- Note: This is only required if your state has reciprocity with Utah. If your state does not recognize the Utah permit, this is not required. Go here for more info.
- Your application fee will be $67 as opposed to $57 for residents.
Besides these differences, the application process is the same as above for residents.
Reasons an Applicant Won’t Be Approved
If the applicant meets any of the following conditions, his/her application is almost guaranteed to be denied:
- You are illegally in the United States.
- You’ve been convicted of a felony.
- You’ve been convicted of a violent crime, including domestic violence.
- You’ve been convicted of a crime punishable by a prison term greater than 1 year.
- You’ve been convicted of an offense involving the use of alcohol.
- You’ve been convicted of an offense involving the use of narcotics or a controlled substance.
- You’ve been convicted of an offense involving moral turpitude.
- You are subject to a restraining order or other similar court order.
- You are a drug addict, habitual drunkard, an unlawful user of any controlled substance, or are determined to be of unsound mind.
- You have a mental illness.
- You’ve received voluntary or involuntary treatment in a psychiatric hospital, mental institution, or similar treatment facility for any reason.
- You are a fugitive from justice.
- You’ve been dishonorably discharged from the Armed Forces.
- You are subject to a firearms seizure order.
Location Restrictions for Carrying
It is unlawful to carry a handgun, even if you have a concealed carry permit, in the following locations:
- Federal buildings.
- Federal prisons.
- Jails, prisons, or other correctional facilities.
- Indian reservations.
- Post offices.
- Hospitals or mental health facilities.
- Military bases.
- School grounds, including some colleges and universities.
- Houses of worship.
- Passed the security checkpoint at airports.
- Anywhere you decide to consume alcohol. You cannot carry a firearm if you consume any alcohol.
- Anywhere it is posted that firearms are prohibited.
Transporting a Handgun Through & Throughout UT
Whether you have a concealed carry permit or not, so long as you legally possess the handgun, you may transport a concealed loaded handgun on your person in a vehicle.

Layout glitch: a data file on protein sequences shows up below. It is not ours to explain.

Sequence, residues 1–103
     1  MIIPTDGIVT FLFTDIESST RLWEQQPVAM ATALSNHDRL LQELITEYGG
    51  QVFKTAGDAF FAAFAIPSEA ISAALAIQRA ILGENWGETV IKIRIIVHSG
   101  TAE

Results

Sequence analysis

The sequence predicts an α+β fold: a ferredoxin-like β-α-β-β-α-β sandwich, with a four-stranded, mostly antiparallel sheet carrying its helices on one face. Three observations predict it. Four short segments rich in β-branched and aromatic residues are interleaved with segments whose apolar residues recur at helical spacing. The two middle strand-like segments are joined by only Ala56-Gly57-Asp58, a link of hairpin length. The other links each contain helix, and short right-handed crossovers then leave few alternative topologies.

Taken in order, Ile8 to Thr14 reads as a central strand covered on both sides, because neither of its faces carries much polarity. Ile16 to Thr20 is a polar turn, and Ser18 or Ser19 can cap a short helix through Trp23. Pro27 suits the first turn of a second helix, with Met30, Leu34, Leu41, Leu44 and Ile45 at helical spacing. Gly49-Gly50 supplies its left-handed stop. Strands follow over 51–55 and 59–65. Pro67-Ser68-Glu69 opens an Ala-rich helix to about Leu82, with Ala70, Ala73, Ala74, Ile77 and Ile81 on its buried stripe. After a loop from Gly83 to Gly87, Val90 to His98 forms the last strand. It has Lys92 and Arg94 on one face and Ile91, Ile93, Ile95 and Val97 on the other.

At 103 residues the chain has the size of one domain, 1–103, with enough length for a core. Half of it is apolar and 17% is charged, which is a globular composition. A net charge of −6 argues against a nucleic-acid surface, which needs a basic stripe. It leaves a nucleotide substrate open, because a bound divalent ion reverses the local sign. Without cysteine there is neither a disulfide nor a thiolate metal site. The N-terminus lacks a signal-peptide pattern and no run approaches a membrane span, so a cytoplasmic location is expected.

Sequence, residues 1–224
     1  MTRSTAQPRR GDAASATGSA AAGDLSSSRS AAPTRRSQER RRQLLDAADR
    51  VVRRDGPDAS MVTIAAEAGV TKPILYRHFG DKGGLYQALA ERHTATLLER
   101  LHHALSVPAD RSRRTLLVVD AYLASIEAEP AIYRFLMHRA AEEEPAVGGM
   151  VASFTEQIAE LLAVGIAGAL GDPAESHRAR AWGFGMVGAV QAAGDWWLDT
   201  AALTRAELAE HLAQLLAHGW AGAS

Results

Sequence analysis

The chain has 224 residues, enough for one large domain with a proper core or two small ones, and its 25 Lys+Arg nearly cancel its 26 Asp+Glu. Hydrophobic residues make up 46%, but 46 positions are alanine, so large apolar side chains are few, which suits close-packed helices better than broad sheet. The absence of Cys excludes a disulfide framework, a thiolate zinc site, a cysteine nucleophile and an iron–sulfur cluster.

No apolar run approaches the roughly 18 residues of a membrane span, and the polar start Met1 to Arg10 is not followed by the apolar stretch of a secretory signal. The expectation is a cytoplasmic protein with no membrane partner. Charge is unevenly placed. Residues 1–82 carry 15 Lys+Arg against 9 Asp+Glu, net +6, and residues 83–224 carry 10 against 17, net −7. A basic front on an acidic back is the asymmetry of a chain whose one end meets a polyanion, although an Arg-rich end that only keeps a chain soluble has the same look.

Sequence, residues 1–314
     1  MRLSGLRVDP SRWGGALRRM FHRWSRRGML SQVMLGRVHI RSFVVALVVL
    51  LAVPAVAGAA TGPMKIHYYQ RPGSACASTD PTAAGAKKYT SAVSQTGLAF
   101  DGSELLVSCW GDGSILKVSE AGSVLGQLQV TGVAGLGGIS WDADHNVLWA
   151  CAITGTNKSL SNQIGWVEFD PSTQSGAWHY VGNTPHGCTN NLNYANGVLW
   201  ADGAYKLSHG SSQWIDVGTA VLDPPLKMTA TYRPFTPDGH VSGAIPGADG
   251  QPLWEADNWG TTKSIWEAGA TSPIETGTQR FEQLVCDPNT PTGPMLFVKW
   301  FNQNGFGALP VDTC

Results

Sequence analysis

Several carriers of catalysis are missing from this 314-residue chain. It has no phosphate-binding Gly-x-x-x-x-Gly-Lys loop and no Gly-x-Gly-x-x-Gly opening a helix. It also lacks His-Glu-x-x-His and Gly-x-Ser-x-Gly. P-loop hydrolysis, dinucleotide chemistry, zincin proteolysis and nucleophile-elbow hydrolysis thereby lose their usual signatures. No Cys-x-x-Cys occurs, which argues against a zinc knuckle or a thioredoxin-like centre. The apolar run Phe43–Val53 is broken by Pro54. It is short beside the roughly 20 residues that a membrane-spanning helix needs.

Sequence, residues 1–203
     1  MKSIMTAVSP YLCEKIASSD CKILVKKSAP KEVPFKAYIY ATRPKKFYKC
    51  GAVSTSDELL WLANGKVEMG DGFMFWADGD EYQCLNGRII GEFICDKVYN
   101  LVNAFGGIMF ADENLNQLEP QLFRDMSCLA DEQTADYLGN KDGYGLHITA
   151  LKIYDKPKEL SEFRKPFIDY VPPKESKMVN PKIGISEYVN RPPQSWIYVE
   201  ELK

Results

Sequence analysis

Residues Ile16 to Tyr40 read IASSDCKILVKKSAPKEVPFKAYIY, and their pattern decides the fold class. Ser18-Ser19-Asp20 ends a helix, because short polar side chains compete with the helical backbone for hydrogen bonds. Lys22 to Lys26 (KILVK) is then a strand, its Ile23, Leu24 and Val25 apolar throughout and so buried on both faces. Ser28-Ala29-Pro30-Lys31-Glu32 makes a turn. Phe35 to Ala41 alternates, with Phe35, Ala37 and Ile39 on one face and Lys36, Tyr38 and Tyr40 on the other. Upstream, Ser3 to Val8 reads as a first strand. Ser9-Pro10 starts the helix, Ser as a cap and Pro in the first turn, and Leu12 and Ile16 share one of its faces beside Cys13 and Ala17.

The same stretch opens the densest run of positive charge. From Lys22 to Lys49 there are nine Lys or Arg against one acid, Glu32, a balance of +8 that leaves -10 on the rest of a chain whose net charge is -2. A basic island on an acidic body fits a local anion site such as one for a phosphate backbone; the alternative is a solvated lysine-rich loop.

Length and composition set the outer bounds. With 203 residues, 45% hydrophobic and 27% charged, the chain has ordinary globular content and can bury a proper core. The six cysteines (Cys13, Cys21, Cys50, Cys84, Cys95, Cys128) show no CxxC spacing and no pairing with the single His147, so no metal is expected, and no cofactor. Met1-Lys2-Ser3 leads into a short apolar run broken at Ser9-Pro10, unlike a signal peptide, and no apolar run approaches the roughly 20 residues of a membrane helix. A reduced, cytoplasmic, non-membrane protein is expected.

Additional Notes About UT Handgun Law
Does UT Law Incorporate Stand Your Ground?
The Stand Your Ground law permits you to use force, and not retreat, when faced with a threat. Stand Your Ground protects your use of force, even deadly force, when used to protect yourself or others if you reasonably believe there is an imminent threat of serious harm or death. To be protected under Stand Your Ground, you must be in a place where you have the lawful right to be.
Does UT Law Incorporate the Castle Doctrine?
The Castle Doctrine is similar to Stand Your Ground. The Castle Doctrine permits you to use force (even deadly force), and not retreat, when you’re in your own home. This again assumes you reasonably believe there is an imminent threat of serious harm or death on yourself or others in your home.
This ‘castle’ is sometimes broadened to cover you when you’re in your yard, car, etc. Each state’s Castle Doctrine law is written differently – consult your state’s law to confirm if your state extends the meaning of a ‘castle’ to cover more than just your home.
Reciprocity – What State Permits Does UT Recognize?
ALL – UT recognizes all other states’ concealed carry permits.
Reciprocity – Where is the UT Permit Recognized?
The UT concealed carry permit is recognized in the following states:
- August 5, 2017 – Cost to apply updated from $37 to $57 (residents) and from $47 to $67 (non-residents).
- August 14, 2018 – Cost to apply updated from $57 to $52 and $67 to $62.